Dolly, who came from Bangladesh to work in a Mumbai bar, has visited Hong Kong, China, Dubai and Kenya to "service her clients" in just six months. She, like other former dance bar employees, is looking for a viable livelihood.
After leaving her native Kakulia village in Jessore district of Bangladesh, Dolly, 19, joined a bar in the north-western suburb of Dombivili for a monthly pay of Rs.4,000.
However, the bar owner asked her if she was willing to make a fortnight's trip to Hong Kong and mainland China. As the payment offer was 10 times her salary, she agreed. A series of stints in "body shops" followed where Indian girls are preferred to their Chinese counterparts.
Of course, Dolly is not the only one. According to a study by the Bharatiya Bar Girls Union, an association formed to protect the rights of dance bar girls, thousands of youngsters - mostly from poor north-eastern states and neighbouring Bangladesh and Nepal - are lured by Mumbai's lure of a better lifestyle.
"Dolly is not the only one. Over the past six months, at least 5,000 girls from the north-eastern states and Bangladesh have reached Mumbai's bars through agents and pimps. Once here, the agents give them an option to visit foreign countries on short trips," says Varsha Kale, the president of the Bharatiya Bar Girls Union.
In the aftermath of the closure of the dance bars in India's financial and entertainment capital, Mumbai has turned into a human-trafficking transit point for far-flung spots in the world and local exotic destinations, she said.
"The most popular short trips are to Hong Kong, China, the Gulf, the Kenyan capital of Nairobi, Mauritius and Uganda.
"Once these girls reach Mumbai, they are kept in new ghettoes that have come up over the past months in the north-western and central suburbs of Dombivili, Chembur, Thane and Navi Mumbai," added Kale.
"These girls are very vulnerable and fall prey to international flesh traders. Mumbai is notoriously emerging as South Asia's main transit point of this clandestine industry globally," she said.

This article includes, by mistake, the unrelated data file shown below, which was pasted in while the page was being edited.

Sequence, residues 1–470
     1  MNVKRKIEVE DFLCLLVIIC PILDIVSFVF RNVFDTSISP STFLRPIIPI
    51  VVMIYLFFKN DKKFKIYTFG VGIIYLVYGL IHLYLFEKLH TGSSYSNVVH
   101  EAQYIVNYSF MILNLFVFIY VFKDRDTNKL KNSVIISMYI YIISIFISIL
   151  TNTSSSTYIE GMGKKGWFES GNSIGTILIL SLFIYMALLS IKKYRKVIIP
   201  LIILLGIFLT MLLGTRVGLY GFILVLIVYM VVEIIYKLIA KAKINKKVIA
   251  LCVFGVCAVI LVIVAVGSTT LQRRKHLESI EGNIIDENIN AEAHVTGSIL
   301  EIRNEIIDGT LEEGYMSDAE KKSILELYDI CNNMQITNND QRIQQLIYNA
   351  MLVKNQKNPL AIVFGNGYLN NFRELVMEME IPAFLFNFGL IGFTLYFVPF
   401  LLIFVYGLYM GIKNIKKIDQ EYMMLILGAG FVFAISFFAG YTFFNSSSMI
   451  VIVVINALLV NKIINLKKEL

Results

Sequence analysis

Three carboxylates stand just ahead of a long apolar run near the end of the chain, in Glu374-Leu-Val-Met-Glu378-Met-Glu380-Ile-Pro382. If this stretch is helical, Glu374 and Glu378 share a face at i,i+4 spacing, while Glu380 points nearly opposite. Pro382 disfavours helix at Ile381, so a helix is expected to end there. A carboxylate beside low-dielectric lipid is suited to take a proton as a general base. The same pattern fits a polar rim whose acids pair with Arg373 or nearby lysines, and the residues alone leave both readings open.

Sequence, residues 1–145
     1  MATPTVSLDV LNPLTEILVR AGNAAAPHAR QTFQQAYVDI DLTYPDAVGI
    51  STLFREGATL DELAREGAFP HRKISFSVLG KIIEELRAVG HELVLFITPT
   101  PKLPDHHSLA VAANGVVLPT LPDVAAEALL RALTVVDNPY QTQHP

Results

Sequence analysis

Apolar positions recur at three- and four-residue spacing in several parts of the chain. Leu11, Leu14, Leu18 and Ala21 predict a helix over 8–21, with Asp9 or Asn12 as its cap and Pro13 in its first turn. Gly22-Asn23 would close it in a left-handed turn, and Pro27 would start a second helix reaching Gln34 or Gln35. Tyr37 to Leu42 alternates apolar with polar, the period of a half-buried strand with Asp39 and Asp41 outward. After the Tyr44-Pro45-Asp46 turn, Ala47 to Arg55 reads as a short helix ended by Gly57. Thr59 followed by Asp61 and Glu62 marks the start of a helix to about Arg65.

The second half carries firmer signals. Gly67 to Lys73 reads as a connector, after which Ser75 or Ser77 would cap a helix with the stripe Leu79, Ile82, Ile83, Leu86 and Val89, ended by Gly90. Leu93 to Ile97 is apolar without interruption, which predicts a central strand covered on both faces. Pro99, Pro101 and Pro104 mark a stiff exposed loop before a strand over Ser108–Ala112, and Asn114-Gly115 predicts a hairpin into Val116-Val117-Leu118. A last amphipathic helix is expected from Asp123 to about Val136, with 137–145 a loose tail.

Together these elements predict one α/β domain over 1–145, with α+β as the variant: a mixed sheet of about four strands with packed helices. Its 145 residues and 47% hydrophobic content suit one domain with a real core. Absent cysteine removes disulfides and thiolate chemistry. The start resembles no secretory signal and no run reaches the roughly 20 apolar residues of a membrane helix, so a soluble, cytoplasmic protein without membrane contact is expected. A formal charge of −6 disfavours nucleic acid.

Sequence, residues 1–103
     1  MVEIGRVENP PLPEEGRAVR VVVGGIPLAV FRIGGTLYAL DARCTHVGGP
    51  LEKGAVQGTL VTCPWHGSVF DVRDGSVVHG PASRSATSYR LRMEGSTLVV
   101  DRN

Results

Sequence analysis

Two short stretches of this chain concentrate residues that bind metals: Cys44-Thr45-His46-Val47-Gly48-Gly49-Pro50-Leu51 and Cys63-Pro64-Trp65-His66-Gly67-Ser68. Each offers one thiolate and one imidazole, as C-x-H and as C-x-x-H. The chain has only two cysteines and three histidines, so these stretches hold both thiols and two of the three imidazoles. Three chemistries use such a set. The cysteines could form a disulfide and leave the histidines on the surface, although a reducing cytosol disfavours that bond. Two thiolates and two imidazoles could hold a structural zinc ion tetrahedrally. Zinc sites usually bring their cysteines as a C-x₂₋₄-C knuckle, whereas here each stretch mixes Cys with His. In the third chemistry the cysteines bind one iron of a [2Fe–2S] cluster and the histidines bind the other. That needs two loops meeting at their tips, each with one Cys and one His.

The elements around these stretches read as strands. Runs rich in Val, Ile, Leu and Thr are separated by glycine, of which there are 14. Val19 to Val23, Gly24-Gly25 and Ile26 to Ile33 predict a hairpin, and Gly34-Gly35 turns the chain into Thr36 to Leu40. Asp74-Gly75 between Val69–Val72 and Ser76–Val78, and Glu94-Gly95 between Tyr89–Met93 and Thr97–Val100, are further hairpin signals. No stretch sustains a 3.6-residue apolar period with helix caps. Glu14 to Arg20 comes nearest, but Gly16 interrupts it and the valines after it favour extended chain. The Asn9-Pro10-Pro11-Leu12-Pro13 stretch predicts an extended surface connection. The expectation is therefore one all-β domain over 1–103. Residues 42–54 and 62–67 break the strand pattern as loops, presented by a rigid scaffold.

The closure of dance bars for over a year and a half led to many of the former bar girls being employed in massage parlours in Goa. Fresh batches of girls have descended on the coastal state for Christmas and New Year, the six-month study conducted along with a Goa-based NGO said.
"Massage parlours are a flourishing business in Goa now. Many hotels and shacks along beaches employ former dance bar girls as masseurs. And during the festive season, there will be a great demand for the girls. Money is also comparatively good during the festive season," Kale said.
In July last year, the Maharashtra assembly banned dance bars across the state by adopting a bill. From Aug 15 last year, the ban was implemented across the state.
The ban forced bar girls to go to the Gulf and other states, wait tables, dance at parties, or, in many cases, turn to prostitution in order to survive. Some have even committed suicide in despair, as the state has not been forthcoming with rehabilitation measures.
However, in April this year, the Bombay High Court ruled the ban as unconstitutional and gave the state eight weeks to file its case with the Supreme Court. The case is pending hearing.
Prior to the ban, Mumbai had some 1,500 dance bars, which contributed Rs.15 billion to the state exchequer and employed nearly 50,000 girls, mostly from outside Maharashtra and many from outside the country.
The dance bars usually entertained customers looking for food, liquor and sometimes sex. In dim-lit environs, women donned skimpy outfits and danced to film music.